I’m not exactly sure why my heart skipped a beat at the prospect of, *gasp*, an Exeter-themed Monopoly. This is, after all, the very same game that makes monsters of even the meekest grandmother that fired up a feud that nearly destroyed my newly-made Freshers’ friendships – even after three years, it’s still furtively known as “the incident” (resurrecting rent-related demons is to be avoided at all costs, trust me). Who was I to know that you must demand your rent in order to obtain it? It should be automatically handed over. And slyly stealing from the bank is not okay. Aaaaand breathe.
In any case, it’s always a little bit exciting when the global gets local, isn’t it? Like when a friend scores an ‘extra’ part in a TV show or Come Dine With Me comes to a kitchen near you. With the world’s most popular board game hitting Ye Olde Exe, it only seemed natural that I should come down with a bout of Monopoly mania.
Having fought off the competing classy – emphasis on ‘class’ – cities of Oxford, Cambridge and York more fiercely than a jailed player shaking for a double all the way back in March, this edition’s been a long time coming, and hasn’t been without hitch along the way. Indeed, in a twist of real-life satirical fate, truly cementing Exeter’s Waitrose demographic status, it became the first town deemed “too posh” to fill the board’s brown portions.
IN A TWIST OF REAL-LIFE SATIRICAL FATE, IT BECAME THE FIRST TOWN DEEMED “TOO POSH” TO FILL THE BOARD’S BROWN PORTIONS
Despite a collective student community chorus of “Sidwell Street, Sidwell Street!”, which sadly makes no appearance, the cheapest chunk usually occupied by Old Kent Road now houses Stepcote Hill – you know, that windy hill somewhere by the Quay? Nor did I.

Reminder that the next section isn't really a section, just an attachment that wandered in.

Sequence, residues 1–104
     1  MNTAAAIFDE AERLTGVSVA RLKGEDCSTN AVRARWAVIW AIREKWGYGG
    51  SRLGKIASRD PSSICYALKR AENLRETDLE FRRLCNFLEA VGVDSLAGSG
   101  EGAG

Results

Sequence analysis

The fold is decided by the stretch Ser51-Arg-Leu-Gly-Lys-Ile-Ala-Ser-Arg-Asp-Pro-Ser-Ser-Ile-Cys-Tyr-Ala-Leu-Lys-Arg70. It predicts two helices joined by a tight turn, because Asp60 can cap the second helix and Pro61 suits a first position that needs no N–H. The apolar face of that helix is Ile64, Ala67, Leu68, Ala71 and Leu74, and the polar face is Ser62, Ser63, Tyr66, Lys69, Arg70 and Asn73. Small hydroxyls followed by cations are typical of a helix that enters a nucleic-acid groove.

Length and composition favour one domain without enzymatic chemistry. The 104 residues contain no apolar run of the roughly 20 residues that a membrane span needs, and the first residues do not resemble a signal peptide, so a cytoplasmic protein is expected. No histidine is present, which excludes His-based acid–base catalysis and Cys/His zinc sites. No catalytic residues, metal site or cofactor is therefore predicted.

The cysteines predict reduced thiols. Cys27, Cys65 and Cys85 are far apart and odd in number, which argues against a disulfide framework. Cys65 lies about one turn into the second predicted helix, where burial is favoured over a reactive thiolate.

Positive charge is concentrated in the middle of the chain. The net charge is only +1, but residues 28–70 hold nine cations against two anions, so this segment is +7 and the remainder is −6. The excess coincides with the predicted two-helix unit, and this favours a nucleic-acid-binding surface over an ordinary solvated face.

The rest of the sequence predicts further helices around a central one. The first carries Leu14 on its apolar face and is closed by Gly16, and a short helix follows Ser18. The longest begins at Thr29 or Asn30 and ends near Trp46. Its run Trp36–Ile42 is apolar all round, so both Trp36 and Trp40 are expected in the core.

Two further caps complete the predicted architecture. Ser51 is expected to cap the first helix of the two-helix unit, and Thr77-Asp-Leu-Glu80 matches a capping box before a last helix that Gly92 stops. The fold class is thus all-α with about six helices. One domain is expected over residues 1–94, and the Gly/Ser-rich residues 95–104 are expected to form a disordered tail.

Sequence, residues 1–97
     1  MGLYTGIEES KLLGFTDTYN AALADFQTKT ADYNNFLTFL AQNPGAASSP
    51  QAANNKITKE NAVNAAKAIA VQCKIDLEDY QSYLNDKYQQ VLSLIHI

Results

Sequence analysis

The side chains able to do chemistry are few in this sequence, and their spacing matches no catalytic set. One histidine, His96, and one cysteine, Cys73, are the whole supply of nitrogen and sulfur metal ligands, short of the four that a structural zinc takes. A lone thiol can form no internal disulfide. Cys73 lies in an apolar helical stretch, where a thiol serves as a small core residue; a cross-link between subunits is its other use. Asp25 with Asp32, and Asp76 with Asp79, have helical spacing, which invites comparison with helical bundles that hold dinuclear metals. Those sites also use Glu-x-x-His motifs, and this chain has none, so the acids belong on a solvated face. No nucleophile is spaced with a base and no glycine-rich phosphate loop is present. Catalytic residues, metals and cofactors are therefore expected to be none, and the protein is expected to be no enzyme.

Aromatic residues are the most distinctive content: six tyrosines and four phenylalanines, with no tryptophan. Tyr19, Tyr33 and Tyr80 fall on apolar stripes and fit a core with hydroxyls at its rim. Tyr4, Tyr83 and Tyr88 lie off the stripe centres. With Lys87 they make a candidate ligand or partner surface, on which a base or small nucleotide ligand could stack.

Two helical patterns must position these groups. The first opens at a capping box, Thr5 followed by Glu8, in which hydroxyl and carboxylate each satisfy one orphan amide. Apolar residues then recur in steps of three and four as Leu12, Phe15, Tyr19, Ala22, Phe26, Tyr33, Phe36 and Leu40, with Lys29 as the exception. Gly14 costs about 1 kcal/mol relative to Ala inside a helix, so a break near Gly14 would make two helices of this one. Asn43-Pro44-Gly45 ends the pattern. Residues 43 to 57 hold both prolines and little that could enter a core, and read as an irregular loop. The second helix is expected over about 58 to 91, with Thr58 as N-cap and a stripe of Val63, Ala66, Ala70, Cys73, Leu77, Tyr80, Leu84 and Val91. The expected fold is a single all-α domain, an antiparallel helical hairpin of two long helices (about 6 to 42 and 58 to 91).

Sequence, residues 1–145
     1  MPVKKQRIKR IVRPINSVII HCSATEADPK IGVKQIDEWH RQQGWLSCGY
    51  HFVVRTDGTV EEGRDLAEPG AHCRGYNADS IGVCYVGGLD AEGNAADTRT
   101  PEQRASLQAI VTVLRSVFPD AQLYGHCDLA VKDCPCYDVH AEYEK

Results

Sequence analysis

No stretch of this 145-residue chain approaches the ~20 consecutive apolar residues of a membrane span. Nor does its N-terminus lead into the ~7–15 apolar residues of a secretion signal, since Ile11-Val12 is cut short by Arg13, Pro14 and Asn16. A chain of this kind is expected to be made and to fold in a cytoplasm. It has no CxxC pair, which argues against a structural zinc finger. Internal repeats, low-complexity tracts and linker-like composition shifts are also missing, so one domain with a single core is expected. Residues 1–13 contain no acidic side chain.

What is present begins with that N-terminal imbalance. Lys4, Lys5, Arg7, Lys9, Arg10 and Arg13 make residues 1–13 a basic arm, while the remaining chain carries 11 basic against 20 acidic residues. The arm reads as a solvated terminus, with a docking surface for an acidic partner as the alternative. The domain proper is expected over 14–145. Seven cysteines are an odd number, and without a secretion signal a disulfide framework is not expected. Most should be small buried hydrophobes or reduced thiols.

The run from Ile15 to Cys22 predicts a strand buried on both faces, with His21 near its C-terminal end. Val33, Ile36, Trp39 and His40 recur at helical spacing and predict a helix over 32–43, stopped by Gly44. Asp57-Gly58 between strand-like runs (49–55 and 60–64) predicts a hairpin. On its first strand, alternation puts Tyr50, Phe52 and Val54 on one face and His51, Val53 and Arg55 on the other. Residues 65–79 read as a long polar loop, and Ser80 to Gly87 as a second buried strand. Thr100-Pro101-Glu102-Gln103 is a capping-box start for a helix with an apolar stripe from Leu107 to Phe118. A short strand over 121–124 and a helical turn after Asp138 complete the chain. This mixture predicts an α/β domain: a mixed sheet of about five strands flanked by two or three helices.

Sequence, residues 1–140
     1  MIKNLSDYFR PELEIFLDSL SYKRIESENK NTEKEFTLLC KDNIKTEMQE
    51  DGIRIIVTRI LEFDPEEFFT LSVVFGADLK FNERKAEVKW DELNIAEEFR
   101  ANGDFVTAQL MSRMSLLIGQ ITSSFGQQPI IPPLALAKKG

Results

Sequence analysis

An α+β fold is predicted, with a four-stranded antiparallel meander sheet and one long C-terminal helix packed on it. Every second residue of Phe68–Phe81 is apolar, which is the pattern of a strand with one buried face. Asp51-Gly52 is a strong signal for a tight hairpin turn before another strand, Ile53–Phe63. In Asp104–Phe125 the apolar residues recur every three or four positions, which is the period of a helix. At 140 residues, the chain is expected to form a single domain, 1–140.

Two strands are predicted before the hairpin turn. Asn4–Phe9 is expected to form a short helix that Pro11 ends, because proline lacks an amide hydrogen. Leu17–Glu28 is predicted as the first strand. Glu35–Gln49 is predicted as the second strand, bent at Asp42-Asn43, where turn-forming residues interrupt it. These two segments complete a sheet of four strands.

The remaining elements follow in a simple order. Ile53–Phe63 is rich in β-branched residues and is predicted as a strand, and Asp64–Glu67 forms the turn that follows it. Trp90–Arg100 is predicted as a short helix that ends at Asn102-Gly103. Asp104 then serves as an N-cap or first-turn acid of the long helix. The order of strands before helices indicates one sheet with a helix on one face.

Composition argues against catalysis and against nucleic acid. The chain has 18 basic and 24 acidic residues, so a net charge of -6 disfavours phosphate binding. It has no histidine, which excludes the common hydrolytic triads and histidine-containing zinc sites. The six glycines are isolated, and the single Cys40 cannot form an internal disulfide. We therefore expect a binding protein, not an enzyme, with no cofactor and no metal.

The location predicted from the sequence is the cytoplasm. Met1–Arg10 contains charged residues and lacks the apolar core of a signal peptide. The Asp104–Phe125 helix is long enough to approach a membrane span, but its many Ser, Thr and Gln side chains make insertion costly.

Adding to the game’s “huh?” credentials are Exeter Racecourse, Red Coat Guided Tours and The Maynard School. That’s not to say they’re all obscure, however; the classics are all there: the Guildhall, Exeter Cathedral, the Quay, the Phoenix…and who could forget our influence on the city economy, drinking statistics and litter levels? The University takes pride of place with an appropriately (#bleed)green square.
But this is where the exhilaration ends, as the other squares hardly represent nightlife landmarks, and the player pieces are still the very same – not even a solitary slice of cheese is present to represent our favourite day of the week. Alas, the crux of the issue becomes clear, that same conundrum that keeps us out of the King Billy: students vs. locals, with locals having the monopoly over this edition’s squares. Rightly so, I suppose, when we barely make 20 per cent of Exeter’s population. Even still, no nod to Top Top or the Impy?
I give the creators too little credit, perhaps. I feel a little more grateful for the local sway upon reading: “You find an Exeter Library book that you haven’t renewed for over a month, pay a fine of $50”. “A bloody bargain,” I thought, “the Forum Library would have bankrupted me right from the get-go”.